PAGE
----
Doctoral Advising FAQ

The following are frequently asked questions (FAQ) and answers about SDSU’s Doctoral Program and General Requirements.

Doctoral Program

First, the joint program enables students to have access to and exploit the excellent faculties and facilities of two strong, research-oriented Geography departments. The second and more pragmatic reason is that California law does not allow departments within the California State University (such as SDSU) to offer a standalone doctoral program. Thus, even though SDSU Geography matches or exceeds research publication and funding rates of many of the Top Ten ranked Geography doctoral programs in the U.S., it is not legally able to offer a Ph.D. degree on its own.
The only substantial disadvantage is that students in the Joint Doctoral program are required to be in residence for at least one academic year at UCSB (normally during the second year). San Diego and Santa Barbara are separated by approximately 200 miles.
Yes, UCSB Geography is well known as one of the top Ph.D. granting departments in the World. The program is particularly known for its strengths in quantitative and computational approaches to spatial analysis and earth system science.
No. The Geography JDP is a personalized program that requires in person interaction and research in our departmental labs and facilities. It would be very difficult to provide the type of training we offer in an on-line format.

Requirements

There are no formal course requirements other than two core courses at SDSU, Geography 700 and 701, and a colloquium course each quarter, while at residence at UCSB. Coursework necessary for successful completion of dissertation research, or for career preparation, are determined through consultation with students and their advising committee members.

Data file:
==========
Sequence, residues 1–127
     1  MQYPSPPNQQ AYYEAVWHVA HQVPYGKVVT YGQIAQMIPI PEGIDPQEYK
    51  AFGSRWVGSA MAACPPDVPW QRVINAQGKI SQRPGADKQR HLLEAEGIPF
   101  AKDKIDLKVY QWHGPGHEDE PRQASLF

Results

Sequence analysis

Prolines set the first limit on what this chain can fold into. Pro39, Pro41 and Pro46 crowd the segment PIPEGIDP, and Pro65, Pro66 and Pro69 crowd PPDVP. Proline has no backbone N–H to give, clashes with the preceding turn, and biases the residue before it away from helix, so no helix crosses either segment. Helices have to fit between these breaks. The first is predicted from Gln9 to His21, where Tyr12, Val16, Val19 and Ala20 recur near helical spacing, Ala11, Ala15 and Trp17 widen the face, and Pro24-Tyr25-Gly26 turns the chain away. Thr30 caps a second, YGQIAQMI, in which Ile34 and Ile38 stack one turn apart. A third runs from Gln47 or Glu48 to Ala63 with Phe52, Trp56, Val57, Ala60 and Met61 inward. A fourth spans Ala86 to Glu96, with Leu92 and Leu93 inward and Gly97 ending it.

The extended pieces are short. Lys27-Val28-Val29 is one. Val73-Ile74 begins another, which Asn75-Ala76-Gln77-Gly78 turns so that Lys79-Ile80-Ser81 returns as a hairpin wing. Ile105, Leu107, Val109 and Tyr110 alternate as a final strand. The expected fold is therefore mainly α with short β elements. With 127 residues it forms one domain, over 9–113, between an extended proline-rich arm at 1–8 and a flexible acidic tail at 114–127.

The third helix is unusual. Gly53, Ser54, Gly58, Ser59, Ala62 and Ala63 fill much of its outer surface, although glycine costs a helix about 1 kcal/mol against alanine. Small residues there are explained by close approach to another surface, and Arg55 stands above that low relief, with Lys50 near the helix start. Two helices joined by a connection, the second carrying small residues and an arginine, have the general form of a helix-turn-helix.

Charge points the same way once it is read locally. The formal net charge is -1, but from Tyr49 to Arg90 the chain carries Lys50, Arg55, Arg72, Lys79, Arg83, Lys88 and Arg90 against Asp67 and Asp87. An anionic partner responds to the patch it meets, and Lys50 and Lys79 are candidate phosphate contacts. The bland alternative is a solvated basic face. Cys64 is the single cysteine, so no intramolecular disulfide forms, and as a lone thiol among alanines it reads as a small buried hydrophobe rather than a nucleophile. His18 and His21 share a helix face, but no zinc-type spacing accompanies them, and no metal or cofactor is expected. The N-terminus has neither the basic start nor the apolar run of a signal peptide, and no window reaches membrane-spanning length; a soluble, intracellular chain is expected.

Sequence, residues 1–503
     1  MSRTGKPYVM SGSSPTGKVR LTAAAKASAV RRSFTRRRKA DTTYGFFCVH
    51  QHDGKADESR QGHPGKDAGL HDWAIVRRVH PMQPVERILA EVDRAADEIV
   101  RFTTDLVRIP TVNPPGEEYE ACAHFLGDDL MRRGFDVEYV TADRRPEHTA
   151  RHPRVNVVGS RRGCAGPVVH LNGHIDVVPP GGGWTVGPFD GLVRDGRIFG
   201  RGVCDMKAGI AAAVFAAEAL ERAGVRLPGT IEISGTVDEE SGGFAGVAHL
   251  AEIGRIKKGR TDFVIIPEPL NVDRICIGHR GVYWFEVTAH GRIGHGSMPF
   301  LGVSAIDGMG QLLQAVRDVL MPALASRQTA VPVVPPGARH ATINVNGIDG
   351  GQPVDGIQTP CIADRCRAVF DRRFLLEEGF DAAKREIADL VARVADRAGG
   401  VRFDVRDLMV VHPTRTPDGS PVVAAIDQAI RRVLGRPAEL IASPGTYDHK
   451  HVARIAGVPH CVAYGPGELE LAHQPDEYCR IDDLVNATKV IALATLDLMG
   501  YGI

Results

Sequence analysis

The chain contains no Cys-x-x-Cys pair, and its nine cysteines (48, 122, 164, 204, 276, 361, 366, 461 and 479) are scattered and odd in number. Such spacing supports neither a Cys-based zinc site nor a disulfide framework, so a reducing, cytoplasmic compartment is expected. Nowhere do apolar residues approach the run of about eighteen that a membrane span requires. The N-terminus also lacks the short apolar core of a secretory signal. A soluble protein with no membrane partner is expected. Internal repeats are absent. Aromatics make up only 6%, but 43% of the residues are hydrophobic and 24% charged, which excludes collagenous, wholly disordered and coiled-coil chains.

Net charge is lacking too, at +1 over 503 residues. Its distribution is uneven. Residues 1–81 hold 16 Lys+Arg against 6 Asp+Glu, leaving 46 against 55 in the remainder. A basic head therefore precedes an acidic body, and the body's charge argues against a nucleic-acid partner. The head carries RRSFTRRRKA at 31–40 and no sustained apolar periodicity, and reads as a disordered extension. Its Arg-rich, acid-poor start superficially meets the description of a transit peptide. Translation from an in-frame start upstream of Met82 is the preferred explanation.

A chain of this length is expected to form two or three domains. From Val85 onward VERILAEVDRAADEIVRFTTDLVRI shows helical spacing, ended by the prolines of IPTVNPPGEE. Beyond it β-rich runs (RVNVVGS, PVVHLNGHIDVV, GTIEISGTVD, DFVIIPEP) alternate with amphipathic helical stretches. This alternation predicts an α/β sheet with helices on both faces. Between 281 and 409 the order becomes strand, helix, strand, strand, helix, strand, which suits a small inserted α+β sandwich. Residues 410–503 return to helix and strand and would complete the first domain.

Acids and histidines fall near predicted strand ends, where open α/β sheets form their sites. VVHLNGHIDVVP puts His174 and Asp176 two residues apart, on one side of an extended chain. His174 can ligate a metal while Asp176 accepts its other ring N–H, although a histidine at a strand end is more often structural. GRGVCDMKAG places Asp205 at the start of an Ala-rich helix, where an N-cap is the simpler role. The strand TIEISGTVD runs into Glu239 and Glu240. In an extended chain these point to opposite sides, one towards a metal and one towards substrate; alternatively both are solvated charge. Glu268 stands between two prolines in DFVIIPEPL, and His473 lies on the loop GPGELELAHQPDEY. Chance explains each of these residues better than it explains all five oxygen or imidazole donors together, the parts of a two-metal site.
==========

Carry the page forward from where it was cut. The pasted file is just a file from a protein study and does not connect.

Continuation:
Yes. We strongly recommend taking Geography 701 and 700 during the first two semesters, in that order and NOT concurrently. All students must take these two classes, unless they had them as a master’s student at SDSU.
This is not necessary, given that there are no course requirements.
Doctoral students may take courses numbered 500 and above at SDSU as long as it is deemed appropriate for research or career preparation.
The program is designed to take four years. Some students complete the program in four years, however, it has been most common for students to take five years to complete degree requirements. The length of the program also varies depending on the dissertation topic and the type of research conducted. Normally, students conducting extensive fieldwork take longer completing the program. A competitive fifth year of funding is normally available to students who have made excellent progress in the program but who still need additional time to finish the dissertation as a result of demanding research.